Sympatico Percussion Quintet, Pianist Nathan Speir, and Classical Revolution Greensboro

Sympatico Percussion Quintet, Pianist Nathan Speir, and Classical Revolution Greensboro

12:39pm Jan 16, 2015
Sympatico Percussion Quartet
Music for a Great Space

Music for a Great Space

This weekend, the Music for a Great Space concert series presents Sympatico Percussion Quintet. If you’re thinking loud snare drums, bass drums and maybe a cymbal crash or two, think again. Sure when it comes to putting out volume the ensemble can take it to “11”, but the musicians that make up Sympatico can also play as soft as a whisper and every dynamic gradient in between. And they do so on dozens and dozens of different percussion instruments, many of which come from the far corners of the world.

Sympatico’s Christopher Norton spoke with David Ford recently about the ensemble’s diverse and eclectic repertoire beginning with Charleston Capers. It was composed in 1930 by George Green and today we sample from a recent SPQ recording with Christopher’s colleague Susan Powell, whom he describes as of the foremost ragtime xylophone soloists of her generation.

Sympatico Percussion Quintet comes to the Triad this Friday night, January 16th at 7:30PM, in Christ United Methodist Church in Greensboro compliments of Music for a Great Space concert series. We’ve been sampling some of the pieces on the program. There will be several others, and, while they’re in town, SPQ will be offering percussion clinics at UNCG, UNCSA and some local elementary schools as well. 


Pianist Nathan Speir

Pianist/composer Nathan Speir draws his inspiration from a wide variety of sources including late and modern classical and jazz composers, New Age artists, minimalist composers like Steve Reich and Arvo Parte,  and sacred Byzantine music. His new album which was just released last week captures the essence of his journey through life and lessons he’s learned along the way. It’s titled The Emotive Leaf and we sample from it in today's show.


Classical Revolution

For decades the three Big Bs were Bach, Beethoven and Berlioz. Then a guy named von Bulow gave Berlioz the hook in favor of Johannes Brahms.  But now,  Classical Revolution Greensboro is re-writing the Big B’s book by adding….Brew Pub.

Cellist Brian Carter and his chamber music colleagues in Classical Revolution are taking the music straight to the people wherever they are, and the revolution is coming to Gibb’s Hundred Brewery in downtown Greensboro Sunday night, January 18th at 8pm with The Railyard String Quartet: violinists Rebecca Willie & Naiara Sanchez, violist Noah Hock and cellist, my guest today Brian Carter.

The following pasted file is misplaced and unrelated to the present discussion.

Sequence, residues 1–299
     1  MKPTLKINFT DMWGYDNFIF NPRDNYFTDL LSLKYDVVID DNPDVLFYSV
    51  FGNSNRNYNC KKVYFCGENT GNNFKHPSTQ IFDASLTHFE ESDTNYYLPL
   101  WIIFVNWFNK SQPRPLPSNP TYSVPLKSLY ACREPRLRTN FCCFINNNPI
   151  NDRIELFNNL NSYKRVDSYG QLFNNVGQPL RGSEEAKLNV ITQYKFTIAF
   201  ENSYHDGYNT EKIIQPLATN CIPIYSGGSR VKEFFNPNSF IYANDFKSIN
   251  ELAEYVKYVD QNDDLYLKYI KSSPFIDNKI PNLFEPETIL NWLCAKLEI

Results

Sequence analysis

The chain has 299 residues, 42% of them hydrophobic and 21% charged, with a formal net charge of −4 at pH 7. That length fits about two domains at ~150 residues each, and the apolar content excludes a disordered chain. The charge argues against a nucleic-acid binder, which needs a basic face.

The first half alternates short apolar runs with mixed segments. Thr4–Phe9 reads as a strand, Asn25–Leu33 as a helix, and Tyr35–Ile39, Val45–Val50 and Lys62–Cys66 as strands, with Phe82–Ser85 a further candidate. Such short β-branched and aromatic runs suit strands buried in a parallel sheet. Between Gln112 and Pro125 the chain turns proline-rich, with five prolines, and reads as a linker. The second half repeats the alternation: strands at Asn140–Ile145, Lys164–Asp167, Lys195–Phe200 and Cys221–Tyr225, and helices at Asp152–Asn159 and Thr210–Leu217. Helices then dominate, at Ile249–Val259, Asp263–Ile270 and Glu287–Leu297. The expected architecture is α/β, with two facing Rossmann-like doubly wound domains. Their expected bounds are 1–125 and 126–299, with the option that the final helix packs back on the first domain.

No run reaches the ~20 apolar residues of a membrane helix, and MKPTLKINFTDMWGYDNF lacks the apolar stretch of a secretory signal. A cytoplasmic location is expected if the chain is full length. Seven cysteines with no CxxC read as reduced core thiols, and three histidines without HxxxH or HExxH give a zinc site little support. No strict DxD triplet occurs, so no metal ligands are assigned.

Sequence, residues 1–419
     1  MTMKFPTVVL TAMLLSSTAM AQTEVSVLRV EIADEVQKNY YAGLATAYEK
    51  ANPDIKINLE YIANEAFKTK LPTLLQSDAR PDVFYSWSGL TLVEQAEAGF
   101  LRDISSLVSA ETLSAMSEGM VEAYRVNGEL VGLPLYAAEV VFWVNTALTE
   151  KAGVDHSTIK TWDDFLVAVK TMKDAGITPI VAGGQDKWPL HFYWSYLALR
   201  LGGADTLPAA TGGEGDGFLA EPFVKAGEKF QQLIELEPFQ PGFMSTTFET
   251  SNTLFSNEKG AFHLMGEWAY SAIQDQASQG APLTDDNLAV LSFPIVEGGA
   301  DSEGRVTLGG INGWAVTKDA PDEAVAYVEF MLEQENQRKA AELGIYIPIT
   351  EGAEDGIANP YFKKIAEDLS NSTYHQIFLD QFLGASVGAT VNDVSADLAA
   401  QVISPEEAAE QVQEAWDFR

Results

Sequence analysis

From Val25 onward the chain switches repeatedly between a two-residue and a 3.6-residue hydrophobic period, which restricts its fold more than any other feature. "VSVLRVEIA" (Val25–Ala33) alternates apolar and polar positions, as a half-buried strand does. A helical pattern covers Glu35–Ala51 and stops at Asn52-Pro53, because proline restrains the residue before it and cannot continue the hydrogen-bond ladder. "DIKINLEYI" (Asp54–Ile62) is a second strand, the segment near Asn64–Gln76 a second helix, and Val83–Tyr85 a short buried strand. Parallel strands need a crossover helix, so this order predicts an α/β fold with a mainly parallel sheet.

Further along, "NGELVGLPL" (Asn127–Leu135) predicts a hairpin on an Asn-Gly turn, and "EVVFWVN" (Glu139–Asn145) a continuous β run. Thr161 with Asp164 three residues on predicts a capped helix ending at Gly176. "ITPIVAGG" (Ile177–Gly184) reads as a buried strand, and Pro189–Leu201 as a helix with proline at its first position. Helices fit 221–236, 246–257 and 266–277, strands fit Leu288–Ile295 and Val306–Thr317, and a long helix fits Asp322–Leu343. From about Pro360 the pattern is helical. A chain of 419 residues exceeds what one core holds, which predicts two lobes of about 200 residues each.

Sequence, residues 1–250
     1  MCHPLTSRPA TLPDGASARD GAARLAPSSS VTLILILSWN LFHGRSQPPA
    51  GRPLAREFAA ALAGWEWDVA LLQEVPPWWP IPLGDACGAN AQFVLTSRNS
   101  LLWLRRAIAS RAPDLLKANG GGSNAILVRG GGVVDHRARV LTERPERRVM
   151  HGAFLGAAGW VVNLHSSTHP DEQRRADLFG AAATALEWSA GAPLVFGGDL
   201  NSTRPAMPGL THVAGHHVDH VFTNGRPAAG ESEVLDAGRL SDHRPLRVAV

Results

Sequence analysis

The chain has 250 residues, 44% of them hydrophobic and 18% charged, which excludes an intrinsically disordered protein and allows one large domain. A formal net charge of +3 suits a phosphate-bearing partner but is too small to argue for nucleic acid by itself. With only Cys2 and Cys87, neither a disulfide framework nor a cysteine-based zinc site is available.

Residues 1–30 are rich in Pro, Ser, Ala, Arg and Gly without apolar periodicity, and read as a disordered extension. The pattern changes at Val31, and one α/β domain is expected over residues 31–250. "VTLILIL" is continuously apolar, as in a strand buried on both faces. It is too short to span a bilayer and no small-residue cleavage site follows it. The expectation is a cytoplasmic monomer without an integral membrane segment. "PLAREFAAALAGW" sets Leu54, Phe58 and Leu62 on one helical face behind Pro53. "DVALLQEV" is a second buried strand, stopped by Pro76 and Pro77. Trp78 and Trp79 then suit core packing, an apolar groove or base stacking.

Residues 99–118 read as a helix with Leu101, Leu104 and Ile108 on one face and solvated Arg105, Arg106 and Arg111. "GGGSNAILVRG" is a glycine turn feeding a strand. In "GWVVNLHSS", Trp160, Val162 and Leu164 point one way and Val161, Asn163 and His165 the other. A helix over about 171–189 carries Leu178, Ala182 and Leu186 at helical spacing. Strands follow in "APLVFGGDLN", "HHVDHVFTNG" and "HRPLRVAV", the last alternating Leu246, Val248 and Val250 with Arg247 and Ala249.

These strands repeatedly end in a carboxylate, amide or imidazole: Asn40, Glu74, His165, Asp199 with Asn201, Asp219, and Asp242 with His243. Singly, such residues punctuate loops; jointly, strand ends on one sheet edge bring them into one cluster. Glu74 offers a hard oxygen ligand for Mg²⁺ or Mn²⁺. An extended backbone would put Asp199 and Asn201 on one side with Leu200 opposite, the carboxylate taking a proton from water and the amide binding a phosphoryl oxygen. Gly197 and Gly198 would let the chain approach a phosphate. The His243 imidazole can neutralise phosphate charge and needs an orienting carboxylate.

On the musical menu: Mozart, Haydn and Shostakovich, and on the barley pop menu it’s Gibb’s Guilty Party ESB, Cherchez La Femme Milk Stout, and Blind Man’s Holiday Greensboro Pale Ale with more house recipes and seasonals coming soon. The day after Valentine’s Day Classical Revolution presents Love Songs (of course) with some of the Triad’s finest singers accompanied by strings, and then on March 22nd it’ll be a shift of gears with the renowned Red Clay Saxophone Quartet taking it into overdrive. All performances are at 8pm at Gibb’s in Greensboro. 

You can follow Classical Revolution Greensboro on Facebook and Twitter.


The Triad Arts Weekend team decided to try something new this week and took a little time to throw out some of their personal recommendations. On this week's show, the Triad To Do List looks like this:

David: Bookmark's A Movable Feast takes place Sunday, January 25th from 3:00pm - 5:00pm. Meet 20 authors from around the country at this annual event. It's like speed dating but with authors.

Bethany: Art-o-mat isn't the only provider of small art at Delurk Gallery this month. Delurk's "The Little Things" exhibit is on display through January, featuring 2D and 3D art that is no bigger than 14 inches (at largest dimension). Check out work by 51 artists within the community.

Eddie: The jazz-drumming film Whiplash opens this weekend, and he's looking forward to checking it out. He's also interested in the fact that The Lego Movie was not nominated for Best Animated Film for the Oscars. Dale Pollock discussed branding in films (including The Lego Movie) last summer on Triad Arts Weekend.

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